Like I said, there were some bad eggs in the crowd. Sadly there were pickpockets in the crowd. We met a lovely guy named Joel from the Australian ska punk band Operation Ibis
who was telling us how one of his travelling companions had had their phone stolen. Also a member of our group had their phone stolen as well, even though it was tied around their wrist. It sucks that this was going on and, because of this, there had to be a police presence at the festival. I hope that those scumbags get caught and banned from the festival in future.
Now on to the bands, the thing you probably came to read and the thing I purposely left until the end for viewer retention. Unless you scrolled to this point, in which case, fair play.
I managed to see fifty three different acts at Punk Rock Holiday across the Main and Beach stages as well as the American Socks acoustic stage. I have to say that I enjoyed a good 97% of what I saw. From watching the established acts, personal favourites and bands I’ve never seen before, there was a good mixture of stuff.
The first group of bands we saw were on the Main Stage for the warm-up show. The whole thing was opened up by Dutch pop punks The Cool Trick
, followed by Bike Age
. The Cool Trick and Chump have both written songs about Punk Rock Holiday and it was cool to see them get to play on such a big stage. From there we went more hardcore with Spider
and Lim Smrad In Žila
, both bands added some positive aggression to the crowd and there were plenty of people having a crowd surf early on. It was then time for the heavyweights of the night. First up were The Real McKenzies
. We missed the beginning of their set getting some pizza. Sadly, this was the most disappointing part of my whole week. Don’t get me wrong the pizza was very nice, but the service was absolutely atrocious and it annoyed me. It wasn’t a one off either, my friend tried to get pizza from the same place later in the week and she got the same terrible service. When we eventually got our pizza, we went to watch The Real McKenzies. They played a fun set with plenty of dancing but some of the attempts at humour fell quite flat in our group. One friend did not appreciate being called an “English cunt” and was threatening to knock out anyone she saw in a kilt the rest of the week. Ignite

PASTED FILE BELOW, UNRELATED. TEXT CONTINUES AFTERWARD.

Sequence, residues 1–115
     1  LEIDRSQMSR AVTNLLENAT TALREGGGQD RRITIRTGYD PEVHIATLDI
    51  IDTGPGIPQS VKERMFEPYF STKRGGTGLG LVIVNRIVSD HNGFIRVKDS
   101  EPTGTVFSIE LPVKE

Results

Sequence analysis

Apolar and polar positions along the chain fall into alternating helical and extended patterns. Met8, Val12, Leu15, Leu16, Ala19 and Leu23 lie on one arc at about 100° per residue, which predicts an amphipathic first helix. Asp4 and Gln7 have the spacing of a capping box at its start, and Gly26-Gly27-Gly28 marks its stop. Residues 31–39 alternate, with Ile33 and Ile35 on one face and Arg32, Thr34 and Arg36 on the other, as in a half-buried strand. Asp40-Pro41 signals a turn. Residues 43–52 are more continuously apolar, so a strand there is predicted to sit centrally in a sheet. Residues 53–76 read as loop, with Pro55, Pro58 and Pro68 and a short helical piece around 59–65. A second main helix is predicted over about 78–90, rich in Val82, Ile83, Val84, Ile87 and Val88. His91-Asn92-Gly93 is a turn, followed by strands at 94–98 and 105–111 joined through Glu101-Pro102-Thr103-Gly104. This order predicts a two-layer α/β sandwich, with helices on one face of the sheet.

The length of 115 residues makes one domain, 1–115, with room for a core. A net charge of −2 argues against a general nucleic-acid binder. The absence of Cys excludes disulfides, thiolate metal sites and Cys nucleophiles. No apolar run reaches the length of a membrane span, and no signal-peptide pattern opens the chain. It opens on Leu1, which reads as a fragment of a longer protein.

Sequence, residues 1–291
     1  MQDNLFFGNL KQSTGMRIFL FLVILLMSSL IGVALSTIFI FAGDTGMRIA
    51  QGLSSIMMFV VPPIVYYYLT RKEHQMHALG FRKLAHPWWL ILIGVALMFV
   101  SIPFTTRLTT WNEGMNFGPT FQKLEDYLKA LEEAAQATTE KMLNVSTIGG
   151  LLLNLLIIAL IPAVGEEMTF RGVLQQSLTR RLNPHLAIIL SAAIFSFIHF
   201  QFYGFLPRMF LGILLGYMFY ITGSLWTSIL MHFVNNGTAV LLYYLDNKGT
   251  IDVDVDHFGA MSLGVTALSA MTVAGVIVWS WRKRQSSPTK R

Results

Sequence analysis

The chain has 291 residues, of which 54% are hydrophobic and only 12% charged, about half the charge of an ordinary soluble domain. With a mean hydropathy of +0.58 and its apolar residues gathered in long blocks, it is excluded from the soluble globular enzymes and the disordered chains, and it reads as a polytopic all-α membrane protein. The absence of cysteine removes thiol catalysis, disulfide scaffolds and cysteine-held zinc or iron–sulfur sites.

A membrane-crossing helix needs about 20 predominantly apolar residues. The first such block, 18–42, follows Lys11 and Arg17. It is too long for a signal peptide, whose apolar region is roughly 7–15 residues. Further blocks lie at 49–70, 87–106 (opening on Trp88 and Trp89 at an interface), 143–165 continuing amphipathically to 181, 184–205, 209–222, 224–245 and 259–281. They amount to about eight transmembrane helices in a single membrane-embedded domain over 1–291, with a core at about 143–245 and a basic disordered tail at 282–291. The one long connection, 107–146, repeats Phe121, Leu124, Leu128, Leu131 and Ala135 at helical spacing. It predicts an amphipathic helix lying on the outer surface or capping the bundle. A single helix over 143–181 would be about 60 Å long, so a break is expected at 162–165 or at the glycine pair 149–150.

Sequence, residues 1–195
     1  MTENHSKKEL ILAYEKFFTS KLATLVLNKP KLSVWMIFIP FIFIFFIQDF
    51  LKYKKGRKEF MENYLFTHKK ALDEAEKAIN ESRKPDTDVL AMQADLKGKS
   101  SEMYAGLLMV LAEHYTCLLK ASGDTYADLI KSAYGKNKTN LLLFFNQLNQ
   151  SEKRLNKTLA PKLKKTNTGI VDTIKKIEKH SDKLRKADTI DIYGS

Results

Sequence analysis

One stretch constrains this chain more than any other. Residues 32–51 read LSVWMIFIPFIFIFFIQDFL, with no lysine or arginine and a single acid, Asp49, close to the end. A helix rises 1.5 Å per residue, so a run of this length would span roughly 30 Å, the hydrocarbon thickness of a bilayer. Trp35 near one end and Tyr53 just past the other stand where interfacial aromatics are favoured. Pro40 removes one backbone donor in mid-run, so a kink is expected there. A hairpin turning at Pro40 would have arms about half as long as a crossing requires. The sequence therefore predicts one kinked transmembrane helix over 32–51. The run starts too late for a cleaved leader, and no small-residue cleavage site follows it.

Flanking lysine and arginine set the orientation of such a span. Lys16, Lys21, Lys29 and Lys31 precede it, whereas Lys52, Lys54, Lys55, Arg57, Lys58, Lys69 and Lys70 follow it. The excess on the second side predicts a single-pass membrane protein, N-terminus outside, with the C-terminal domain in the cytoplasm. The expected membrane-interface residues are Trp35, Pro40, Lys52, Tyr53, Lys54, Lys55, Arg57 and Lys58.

were up next. We watched a bit of their set and were really impressed with how their new singer controlled the crowd and the energy shown throughout. We decided to take a moment during their set to take a sit down so we had more energy for the Descendents but we made it back to Ignite to see the first stage invasion of the week. Then it was time for one of my favourite bands of all time, the mighty Descendents
. I bloody love the Descendents and it’s always wonderful to see them. They smash it every time and it was quite something to witness them with the Punk Rock Holiday crowd. It was special and I was happy to be there for it. I also took great amusement in seeing my pal Paul really enjoying the Descendents despite him famously claiming not to be a fan for as long as I’ve known him.
The Tuesday was the start of Punk Rock Holiday proper and the opening of the Beach Stage. Originally the Sewer Rats were supposed to open the stage but unfortunately they pulled out last minute. Highlights of the stage on the Tuesday included Pay To Breathe, Skin Of Tears, Dowzer, Deadends and Spaced. Pay To Breathe
were a Norwegian pop punk act with lots of energy and felt like a great way to start the day. I’d previously seen Skin Of Tears
at Manchester Punk Festival a few years back and I was pleased to see them again. I also really enjoyed that lots of my friends came up from the beach to see them because they liked their sound. Dowzer
were another pop punk band who I’d seen play at the New Cross Inn a few years ago. The crowd were very much into them and they got some great crowd surfers. Deadends
were late additions to the festival, replacing Primetime Failure. I didn’t know much about them before the set but became a big fan of their melodic punk rock style. New York Hardcore act Spaced
were perhaps my biggest surprise of the day. They had this powerful energy about them that made them impossible to ignore – I look forward to seeing more from them. Petrol Girls were headlining the Beach Stage but we decided to take the opportunity to see a Jason DeVore
acoustic set instead. I have since heard that Petrol Girls delivered an impressive set, but I was glad I took the opportunity to see Jason as he has one of my favourite voices in punk rock and this was my first chance to hear him play acoustic. It was a beautiful moment.
Boston’s No Trigger
opened the main stage. Previously having only seen them one time before in the tiny Borderline club in central London, this felt like a whole different world seeing them on a massive stage in a Slovenia nature reserve. A big crowd gathered early to see them slay their set – I look forward to seeing them again at Fest at the end of October! Get Dead